Antibody-Hapten Complexes for Imaging
The tumor uptake of covalently-radiolabeled monoclonal antibodies and their fragments is directly related to the integral of blood concentration over time, the highest tumor concentrations being obtained with whole antibody which has the longest biological half-life in the plasma (1,2,3). Higher tumor to background ratios can be obtained with F(ab′)2 or Fab fragments that disappear more rapidly than whole antibody from the blood but only at the cost of a lower absolute tumor concentration (1,2). Tumor concentration of whole antibody reaches a maximum in approximately one or two days but the major fraction continues to circulate for many days after due to the slow excretion of covalently labeled proteins. This prolonged retention of activity adds a large amount of useless radiation exposure to normal tissue, especially liver, spleen, and bone marrow.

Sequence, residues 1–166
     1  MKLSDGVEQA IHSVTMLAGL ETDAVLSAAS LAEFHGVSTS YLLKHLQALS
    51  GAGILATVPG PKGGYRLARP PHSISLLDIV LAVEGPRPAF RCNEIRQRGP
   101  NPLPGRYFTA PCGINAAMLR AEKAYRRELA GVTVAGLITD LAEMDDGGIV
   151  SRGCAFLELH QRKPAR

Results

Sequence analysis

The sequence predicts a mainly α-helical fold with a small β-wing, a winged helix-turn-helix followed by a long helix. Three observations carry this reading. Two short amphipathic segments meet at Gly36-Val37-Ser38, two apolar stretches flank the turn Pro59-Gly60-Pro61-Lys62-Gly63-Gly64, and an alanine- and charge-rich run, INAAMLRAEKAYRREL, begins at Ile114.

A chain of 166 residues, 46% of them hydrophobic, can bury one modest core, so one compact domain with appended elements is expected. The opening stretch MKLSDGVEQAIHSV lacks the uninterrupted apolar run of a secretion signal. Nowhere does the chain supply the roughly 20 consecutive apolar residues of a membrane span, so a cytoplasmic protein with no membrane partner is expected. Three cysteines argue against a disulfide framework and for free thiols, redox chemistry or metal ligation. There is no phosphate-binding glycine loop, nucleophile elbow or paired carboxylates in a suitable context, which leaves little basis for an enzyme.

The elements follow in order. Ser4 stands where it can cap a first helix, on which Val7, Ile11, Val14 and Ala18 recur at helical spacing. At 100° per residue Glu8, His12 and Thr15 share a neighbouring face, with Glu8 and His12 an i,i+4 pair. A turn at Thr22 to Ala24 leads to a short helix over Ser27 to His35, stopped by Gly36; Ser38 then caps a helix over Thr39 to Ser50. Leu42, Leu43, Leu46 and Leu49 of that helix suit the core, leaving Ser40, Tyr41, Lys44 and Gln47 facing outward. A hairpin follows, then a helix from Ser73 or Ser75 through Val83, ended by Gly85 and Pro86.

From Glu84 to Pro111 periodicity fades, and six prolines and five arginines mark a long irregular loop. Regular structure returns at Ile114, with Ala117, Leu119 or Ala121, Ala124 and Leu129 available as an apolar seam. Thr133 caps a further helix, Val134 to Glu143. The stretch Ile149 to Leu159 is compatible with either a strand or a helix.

KeywordsBispecific Antibody Nonspecific Antibody Liver Concentration Tumor Concentration Bifunctional Chelate
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